Greer was stabilized on scene by Alachua County Fire Rescue personnel and transported to Shands Hospital where he remained in serious condition.

A firearm and ammunition were recovered from the scene, and a search warrant for Canevari's person was obtained to collect forensic evidence. Detectives charged Canevari with aggravated battery with a deadly weapon, and he was transported to the Alachua County Sheriff's Office Department of the Jail.

The investigation into the circumstances surrounding the altercation are ongoing pending Greer's medical condition.

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High Springs cleans house

HIGH SPRINGS – One look at the City of High Springs' website reveals just how serious city leaders are about cleaning up their town to make it look like an upscale community.

The City is posting 14 surplus properties to be sold with the intention that each sold property will have the underbrush removed and low-hanging limbs trimmed back within 90 days of their sale. Minimum bids for those properties range from $500 to $5,000.

Sealed bids will be accepted through 2 p.m., Wednesday, April 13, at the City Manager's Office.

Most lots are buildable. One or two smaller lots are adjacent to owned property, which could be expanded by the addition of the smaller lot.

“The smaller lot would increase the overall size and value of the adjacent property,” said Mike Kearney, under contract to assist the city manager in his cleanup efforts. “Some of these lots are just beautiful,” said Kearney. “One even has a stream running through it.”

Maps of the property locations are available on the City of High Springs website.

The City hired the services of a commercial rotating brush cutter to clear a couple of overgrown lots. “Amazingly, the process only took four hours using his equipment,” said Kearney, who admits it took him a lot longer to do it himself on his own property.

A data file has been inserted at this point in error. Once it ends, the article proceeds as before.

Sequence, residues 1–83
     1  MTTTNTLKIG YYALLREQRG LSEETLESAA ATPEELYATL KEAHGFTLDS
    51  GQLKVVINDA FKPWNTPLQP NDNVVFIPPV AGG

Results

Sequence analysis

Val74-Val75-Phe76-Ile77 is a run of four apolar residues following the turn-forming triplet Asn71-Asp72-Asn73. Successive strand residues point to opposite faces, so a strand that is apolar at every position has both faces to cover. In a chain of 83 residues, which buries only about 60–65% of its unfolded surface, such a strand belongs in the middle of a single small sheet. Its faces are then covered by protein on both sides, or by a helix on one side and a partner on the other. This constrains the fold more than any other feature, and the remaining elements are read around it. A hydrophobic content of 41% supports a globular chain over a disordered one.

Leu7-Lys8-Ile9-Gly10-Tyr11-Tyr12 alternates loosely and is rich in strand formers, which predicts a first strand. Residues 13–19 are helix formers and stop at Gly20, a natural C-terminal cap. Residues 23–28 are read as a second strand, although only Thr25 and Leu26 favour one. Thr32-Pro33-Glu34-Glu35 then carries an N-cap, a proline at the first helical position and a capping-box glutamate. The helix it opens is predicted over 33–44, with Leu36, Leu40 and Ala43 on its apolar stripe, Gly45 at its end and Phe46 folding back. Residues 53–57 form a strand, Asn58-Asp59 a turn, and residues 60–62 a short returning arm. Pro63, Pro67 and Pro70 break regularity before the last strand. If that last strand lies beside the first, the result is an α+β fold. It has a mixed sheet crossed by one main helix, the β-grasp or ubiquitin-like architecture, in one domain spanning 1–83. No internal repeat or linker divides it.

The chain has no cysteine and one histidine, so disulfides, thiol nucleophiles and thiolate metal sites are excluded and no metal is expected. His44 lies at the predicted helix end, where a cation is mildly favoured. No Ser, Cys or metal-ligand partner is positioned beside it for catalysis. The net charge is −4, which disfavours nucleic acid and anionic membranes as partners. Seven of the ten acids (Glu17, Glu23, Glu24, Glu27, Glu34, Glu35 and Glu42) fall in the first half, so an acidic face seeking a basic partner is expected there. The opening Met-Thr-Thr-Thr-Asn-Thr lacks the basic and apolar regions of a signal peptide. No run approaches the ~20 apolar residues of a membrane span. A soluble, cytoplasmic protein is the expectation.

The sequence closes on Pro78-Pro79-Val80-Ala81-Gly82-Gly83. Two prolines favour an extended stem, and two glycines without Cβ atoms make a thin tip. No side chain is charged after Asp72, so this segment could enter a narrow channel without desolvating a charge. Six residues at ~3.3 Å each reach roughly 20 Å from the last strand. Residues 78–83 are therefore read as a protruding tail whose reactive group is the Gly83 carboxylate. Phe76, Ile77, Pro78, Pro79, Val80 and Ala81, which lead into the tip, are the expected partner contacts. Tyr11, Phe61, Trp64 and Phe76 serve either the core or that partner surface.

The City is also ridding itself of equipment and vehicles it no longer needs. A Dixie Chopper Mower with a 60-inch deck was up for bid Wednesday, March 16.

Sealed bids for surplus vehicles are also being solicited with a minimum bid price ranging from $350 for vehicles to $1,500 for a bucket truck. The deadline for bid submission on those vehicles was yesterday.

The City has also scheduled its annual Tire Roundup to collect old tires for disposal. Collection times are 8 a.m. - 5 p.m., Wednesday through Thursday, April 27-28. The Tire Roundup location is at the Public Works Yard under the water tower at NW 184th Place.

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Local school grades up and down

ALACHUA COUNTY – While the Alachua County School District received an “A” for the 2014-2015 school year, individual schools received a broad range of grades.

One marked difference between the most recent grades and those of previous years is that the current grades only factor students’ scores on the Florida Standards Assessment exam, while prior assessments considered learning gains and other aspects of school performance.

Local principals lauded their teachers’ relentless efforts to accommodate to the new exam and their overall dedication to students.

Lynn McNeill just became principal of High Springs Community School this summer. She said one of the reasons why High Springs - the only K through 8th grade school in the county - earned an A is due to the teachers getting to know students on an individual level.

“Nine years we have many of these students, and the staff get to know these children very well,” she said. “What’s special is that there’s maybe a deeper understanding of each individual child by the staff, for the most part, because they're here with us for so long. And other schools don’t have that luxury. “

She also said the vast amount of support the High Springs community extends to the school has contributed to its success.

“I think that we’re a community school in its truest form,” she said. “It really was heart-warming to me when I came here, the sheer number of people that don’t even have children in the school but are here in the community. They live here, have a business here, are part of a church here. That lets me know immediately about all of the things that they’ve done in the past to help the school and all of the things that they’re willing to do."

Eva Copeland, the principal at Alachua Elementary, said her school received a high C, roughly nine points shy of a B.

She said the steps her faculty have been taking are all about professional development and breaking down the new standards.